By virtue of Siboza's proximity to the town of Zvishavane, the war of liberation was not too intense, but the surrounding mountainous areas of Vaka villages, Mbilashaba, Mapanzure, Utongani, Zvegona, De-beers and the underlying areas of Dadaya Mission area (Bannock bun) areas had skirmishes of battles and sometimes very fierce battles where lives were lost. Our nearest base was at Makwasha area, where we would go and spend the night with the comrades. My brothers and I had done some war-collaboration with the comrades, during the 1975-77 period before l went to my uncle's homestead where I was a herd boy.  

When I went to inquire about registration, as I was told by the headmaster (the late Mr Benjamin Mhlanga).  He was a very honest and understanding old man, who had a fatherly heart.

He told me that I was a very disciplined young boy who was going to be admitted straight into Form one. Those young man of my age that were harassing teachers and extorting their hard-earned cash during the war period were known in the community, so they were asked to go back to Grade seven so that they could reform before going into Form 1.

January 13th, 1981, I started my Form 1 at Siboza Primary School which was housing the first Upper-top Secondary Schools that were introduced due to the new Educational policy at independence. I was immediately appointed the Head boy of the school. For four years 1981-1984, I was the head boy at this Upper top Secondary School.

During our Collaboration (oMjibha) days with the comrades for the war of liberation, we were introduced to Marijuana (mbanje) by the Senior War collaborators (oMjibha abadala) who told us that if we were to be brave and stronger and not fear anything in war, even fear of death, "smoke the drug." We were told, if we were to be strong war collaborators, we need to be high on the drug.  I initially had my juvenile cough during the first days, but later it was business as usual. I started my Form 1 and was very close to one of the young man, who was two years younger than I, Colin was his name. He is now the late.  I discovered that Colin was smoking dagga during break times. I had since stopped smoking when I had gone herding cattle at my uncle's homestead and when I saw Colin smoking, I was reminded of the ‘good old days' of smoking that I had once "enjoyed."  So I asked him if I could join him during his escapades. He tipped me and we would do that every other break-time and immediately after school.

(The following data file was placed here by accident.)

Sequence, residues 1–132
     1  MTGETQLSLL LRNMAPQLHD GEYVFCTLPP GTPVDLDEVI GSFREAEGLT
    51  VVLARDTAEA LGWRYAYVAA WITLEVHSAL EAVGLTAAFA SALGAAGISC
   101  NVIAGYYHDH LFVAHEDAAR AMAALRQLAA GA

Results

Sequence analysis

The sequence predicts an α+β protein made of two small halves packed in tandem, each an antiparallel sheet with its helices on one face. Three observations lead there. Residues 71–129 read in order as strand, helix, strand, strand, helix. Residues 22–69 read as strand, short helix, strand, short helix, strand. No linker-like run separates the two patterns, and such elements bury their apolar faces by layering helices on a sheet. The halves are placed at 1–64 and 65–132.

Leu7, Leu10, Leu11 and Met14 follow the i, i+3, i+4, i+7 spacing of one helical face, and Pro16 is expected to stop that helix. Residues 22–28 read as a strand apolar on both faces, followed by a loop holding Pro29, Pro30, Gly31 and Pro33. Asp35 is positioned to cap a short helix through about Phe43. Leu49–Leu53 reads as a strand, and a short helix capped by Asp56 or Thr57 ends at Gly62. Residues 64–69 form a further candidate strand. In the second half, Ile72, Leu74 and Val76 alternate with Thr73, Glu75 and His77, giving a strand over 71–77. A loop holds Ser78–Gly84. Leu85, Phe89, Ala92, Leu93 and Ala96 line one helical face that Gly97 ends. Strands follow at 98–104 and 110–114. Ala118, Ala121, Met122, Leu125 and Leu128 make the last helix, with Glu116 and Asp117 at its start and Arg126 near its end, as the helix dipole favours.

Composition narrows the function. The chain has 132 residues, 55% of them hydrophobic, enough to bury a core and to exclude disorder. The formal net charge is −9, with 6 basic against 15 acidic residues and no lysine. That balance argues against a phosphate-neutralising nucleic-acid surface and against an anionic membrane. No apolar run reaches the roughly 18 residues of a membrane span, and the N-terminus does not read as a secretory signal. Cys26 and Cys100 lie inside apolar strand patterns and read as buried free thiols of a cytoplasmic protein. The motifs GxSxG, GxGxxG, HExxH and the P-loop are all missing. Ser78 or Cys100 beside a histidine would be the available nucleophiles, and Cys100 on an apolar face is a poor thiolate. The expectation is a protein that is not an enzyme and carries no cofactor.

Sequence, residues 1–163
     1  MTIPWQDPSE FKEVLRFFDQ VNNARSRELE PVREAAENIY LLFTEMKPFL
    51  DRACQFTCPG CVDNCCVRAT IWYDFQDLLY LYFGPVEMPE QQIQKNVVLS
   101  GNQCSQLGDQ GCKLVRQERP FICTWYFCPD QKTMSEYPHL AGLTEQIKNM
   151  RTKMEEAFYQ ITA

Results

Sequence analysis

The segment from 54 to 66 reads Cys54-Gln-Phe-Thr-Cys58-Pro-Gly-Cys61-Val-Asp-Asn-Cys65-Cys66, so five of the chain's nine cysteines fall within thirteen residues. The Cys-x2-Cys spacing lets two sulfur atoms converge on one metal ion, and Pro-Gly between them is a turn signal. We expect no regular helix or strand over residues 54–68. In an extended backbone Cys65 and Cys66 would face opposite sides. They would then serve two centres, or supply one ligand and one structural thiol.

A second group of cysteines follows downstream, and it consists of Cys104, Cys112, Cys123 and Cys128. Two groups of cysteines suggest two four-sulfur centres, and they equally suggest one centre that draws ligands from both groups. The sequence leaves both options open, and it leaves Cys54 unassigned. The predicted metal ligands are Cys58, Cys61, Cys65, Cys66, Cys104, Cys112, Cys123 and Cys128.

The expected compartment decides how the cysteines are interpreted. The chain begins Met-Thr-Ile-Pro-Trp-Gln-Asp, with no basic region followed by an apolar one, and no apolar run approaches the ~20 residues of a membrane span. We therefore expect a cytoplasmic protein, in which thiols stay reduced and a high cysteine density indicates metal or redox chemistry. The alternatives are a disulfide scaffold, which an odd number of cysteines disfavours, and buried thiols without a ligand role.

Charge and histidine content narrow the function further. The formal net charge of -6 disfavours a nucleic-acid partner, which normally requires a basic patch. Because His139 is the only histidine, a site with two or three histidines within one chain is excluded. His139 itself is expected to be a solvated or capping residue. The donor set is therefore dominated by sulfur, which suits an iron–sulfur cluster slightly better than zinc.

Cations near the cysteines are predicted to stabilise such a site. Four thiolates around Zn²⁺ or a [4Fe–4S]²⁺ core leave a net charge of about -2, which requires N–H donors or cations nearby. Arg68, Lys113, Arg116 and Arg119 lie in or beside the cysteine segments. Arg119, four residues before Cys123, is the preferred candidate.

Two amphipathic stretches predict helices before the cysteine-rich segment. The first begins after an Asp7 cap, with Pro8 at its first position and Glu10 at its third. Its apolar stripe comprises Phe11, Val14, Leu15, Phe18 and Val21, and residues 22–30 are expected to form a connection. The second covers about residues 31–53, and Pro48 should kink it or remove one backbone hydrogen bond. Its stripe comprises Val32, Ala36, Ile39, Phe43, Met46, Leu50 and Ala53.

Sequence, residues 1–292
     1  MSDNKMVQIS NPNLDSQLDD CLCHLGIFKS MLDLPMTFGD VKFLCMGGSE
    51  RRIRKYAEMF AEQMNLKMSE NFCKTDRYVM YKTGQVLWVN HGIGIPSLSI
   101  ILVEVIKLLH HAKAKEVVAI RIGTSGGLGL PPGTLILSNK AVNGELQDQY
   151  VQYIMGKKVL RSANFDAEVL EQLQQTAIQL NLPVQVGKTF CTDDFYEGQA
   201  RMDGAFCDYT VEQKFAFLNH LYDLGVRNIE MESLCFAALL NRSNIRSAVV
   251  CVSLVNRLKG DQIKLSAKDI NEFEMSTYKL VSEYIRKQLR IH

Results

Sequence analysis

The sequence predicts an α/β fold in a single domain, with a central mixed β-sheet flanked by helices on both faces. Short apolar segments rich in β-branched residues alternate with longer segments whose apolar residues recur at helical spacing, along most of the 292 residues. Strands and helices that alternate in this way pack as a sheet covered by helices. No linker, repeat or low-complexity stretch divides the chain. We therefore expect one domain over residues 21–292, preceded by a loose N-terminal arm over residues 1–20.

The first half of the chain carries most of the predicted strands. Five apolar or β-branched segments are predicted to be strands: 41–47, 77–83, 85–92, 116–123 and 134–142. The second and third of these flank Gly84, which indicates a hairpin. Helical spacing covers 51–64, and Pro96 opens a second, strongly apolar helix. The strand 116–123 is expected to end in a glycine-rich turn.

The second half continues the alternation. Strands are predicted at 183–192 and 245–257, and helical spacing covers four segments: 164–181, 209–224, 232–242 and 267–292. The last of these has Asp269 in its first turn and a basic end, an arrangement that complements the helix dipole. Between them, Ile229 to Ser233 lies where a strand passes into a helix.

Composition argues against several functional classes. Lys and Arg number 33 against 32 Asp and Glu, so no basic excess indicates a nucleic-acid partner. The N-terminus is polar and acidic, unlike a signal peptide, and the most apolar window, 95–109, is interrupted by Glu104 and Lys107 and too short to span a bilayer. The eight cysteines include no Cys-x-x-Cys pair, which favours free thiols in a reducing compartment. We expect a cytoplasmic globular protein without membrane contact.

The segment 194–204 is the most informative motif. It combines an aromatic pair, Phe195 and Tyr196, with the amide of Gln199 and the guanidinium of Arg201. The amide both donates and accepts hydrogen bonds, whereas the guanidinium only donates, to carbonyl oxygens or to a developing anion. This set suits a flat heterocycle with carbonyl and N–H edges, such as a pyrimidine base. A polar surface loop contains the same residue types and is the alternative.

I am born from a family of 8, five sisters and three boys. My brother (the one I come after) was a veteran in the game of smoking. He teamed up with my other brothers from my father's elder brothers (uncles). Unfortunately, one of those brothers died from a road traffic accident in Bulawayo, while he was high on the drug post-independence. When they saw that I was back in joining them smoking the weed, they were very happy.

The six of us as the Dube brothers would "enjoy ourselves" and smoke in intervals at the Siboza Business Centre,

Does life really start at 40?
Mentioning 146 times in Scripture, the number 40 generally symbolizes a period of testing, trial or probation. During Moses' life he lived forty years in Egypt and forty years in the desert before God selected him to lead his people out of slavery. Zimbabwe turns 40 years on April 18th 2020 having been tried and tested.  Have we passed the probation period?  I would like to believe that my life started at the age of 18 years old and not at 40 years. On 18 April 1981, the mega fest winning business entrepreneur Mr JM Nyoni decided to tie the knot with his lovely wife (Felina) on 18 April 1981.

Their homestead is exactly 4 kilometres from their business empire, while our homestead is in between their business empire and their homestead. Accordingly, we were invited as nephews to the wedding. The same day was going to be a great day for the community.  What a way to celebrate our first independence. We were to celebrate in style at the wedding. I remember vividly getting ready and wearing my nice clothes and heading to the Business Centre where I hooked up with my brothers in readiness to go to the wedding reception of the Nyoni family. My late brother (the one who died in Bulawayo) brought all of us, the six of us behind the business shops and they rolled five cigarettes of marijuana. So we started smoking.  This meant that everyone would be having a cannabis cigarette smoking, except one who would sip water waiting for his next turn. It was heavy smoking and the drug was very strong.